Modern Event-Driven Programming for Arduino
Traditionally, Arduino programs are written in a sequential manner, which means that whenever an Arduino program needs to synchronize with some external event, such as or a timout (
delay()), a button press, or arrival of a character through the serial port, it explicitly waits in-line for the occurrence of the event. Waiting “in-line” means that the Arduino processor spends all of its cycles constantly checking for some condition in a tight loop (called the polling loop).
Although this approach is functional in many situations, it doesn’t work very well when there are multiple possible sources of events whose arrival times and order you cannot predict and where it is important to handle the events in a timely manner. The fundamental problem is that while a sequential program is waiting for one kind of event (e.g., a button press), it is not doing any other work and is not responsive to other events (e.g., characters from the serial port).
For these and other reasons experienced programmers turn to the long-know design strategy called event-driven programming, which requires a distinctly different way of thinking than conventional sequential programs…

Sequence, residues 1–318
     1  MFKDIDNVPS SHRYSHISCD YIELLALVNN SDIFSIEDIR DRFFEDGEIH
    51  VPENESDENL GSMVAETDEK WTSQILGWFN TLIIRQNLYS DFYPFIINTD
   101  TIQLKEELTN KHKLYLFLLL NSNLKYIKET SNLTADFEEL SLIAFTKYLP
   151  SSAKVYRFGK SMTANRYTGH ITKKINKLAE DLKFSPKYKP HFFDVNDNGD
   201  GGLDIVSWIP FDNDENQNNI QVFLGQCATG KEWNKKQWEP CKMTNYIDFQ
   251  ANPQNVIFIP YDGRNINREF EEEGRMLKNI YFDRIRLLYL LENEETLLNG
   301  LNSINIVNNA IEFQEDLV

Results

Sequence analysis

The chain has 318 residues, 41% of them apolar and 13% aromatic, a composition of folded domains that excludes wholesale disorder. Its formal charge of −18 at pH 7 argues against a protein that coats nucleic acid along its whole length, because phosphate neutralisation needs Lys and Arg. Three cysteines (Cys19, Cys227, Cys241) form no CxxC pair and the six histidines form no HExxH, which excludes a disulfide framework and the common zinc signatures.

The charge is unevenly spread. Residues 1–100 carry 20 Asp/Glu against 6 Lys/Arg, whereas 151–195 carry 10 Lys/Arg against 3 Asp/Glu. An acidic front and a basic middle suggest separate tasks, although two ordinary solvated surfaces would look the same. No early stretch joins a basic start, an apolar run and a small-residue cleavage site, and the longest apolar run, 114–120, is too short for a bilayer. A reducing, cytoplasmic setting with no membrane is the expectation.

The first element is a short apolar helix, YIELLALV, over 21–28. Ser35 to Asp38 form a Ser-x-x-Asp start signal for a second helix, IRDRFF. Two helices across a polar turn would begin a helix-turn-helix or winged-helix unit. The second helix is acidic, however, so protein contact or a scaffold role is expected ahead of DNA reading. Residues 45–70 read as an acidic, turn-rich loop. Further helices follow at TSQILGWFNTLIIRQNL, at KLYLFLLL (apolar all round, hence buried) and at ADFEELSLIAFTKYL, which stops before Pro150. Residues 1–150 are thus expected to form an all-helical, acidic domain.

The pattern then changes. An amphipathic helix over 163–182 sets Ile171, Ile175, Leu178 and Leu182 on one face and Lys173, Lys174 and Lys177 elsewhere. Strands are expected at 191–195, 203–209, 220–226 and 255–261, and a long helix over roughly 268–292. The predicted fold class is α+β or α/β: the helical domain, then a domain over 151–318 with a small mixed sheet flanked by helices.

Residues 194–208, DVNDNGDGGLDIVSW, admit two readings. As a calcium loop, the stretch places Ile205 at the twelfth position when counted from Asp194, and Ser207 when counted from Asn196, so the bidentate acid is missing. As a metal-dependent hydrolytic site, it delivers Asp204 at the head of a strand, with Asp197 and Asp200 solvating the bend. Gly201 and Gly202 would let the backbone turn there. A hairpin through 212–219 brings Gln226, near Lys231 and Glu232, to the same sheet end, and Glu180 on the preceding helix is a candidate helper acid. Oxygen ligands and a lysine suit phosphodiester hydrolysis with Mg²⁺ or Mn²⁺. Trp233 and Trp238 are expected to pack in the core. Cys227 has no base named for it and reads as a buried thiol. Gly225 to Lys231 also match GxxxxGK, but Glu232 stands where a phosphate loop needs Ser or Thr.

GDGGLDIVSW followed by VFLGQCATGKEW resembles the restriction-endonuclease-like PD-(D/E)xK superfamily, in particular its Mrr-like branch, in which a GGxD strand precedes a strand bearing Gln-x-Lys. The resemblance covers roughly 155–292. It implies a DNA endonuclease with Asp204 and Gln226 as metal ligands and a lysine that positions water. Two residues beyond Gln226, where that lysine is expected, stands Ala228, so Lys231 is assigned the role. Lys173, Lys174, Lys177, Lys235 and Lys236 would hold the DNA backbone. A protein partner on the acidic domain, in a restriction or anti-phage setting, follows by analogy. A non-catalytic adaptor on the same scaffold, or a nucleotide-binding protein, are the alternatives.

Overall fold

Discontinued Support for AVR-based Arduinos
Due to the decision to discontinue the QP-nano framework, the support for AVR-based Arduinos will be also discontinued in the future. Moving forward, we will only support the QP/C++ framework for ARM-based Arduinos (e.g., SAM-based Arduino DUE, etc.)
Using QM with the Arduino IDE
The “External Tools” menu in QM is no longer configured for direct building Arduino projects. This is because Arduino kept changing their build process and it was impossible to keep adjusting the External Tools. Also, after introducing support for ARM-based Arduino (QP/C++ library for Arduino), the support for Arduino builds has become even more problematic.
So, instead of using QM directly, the intended way of working with the Arduino examples is to use the Arduino IDE for building and downloading the code, but to configure it to “Use external editor”. (To configure Arduino IDE to “Use external editor”, click on the menu File | Preferences and check the checkbox in the “Preferences” dialog box, as shown below:)
This “external editor” is now the QM modeling tool, where you can work with the models (.qm files) and then to generate code from these models. In this scenario, the Arduino IDE is used only to build and upload the code to the Arduino board(s).
The following screen shot shows this workflow. The “external editor” mode of the Arduino IDE is really nice, because it automatically picks up any changes made to the project files.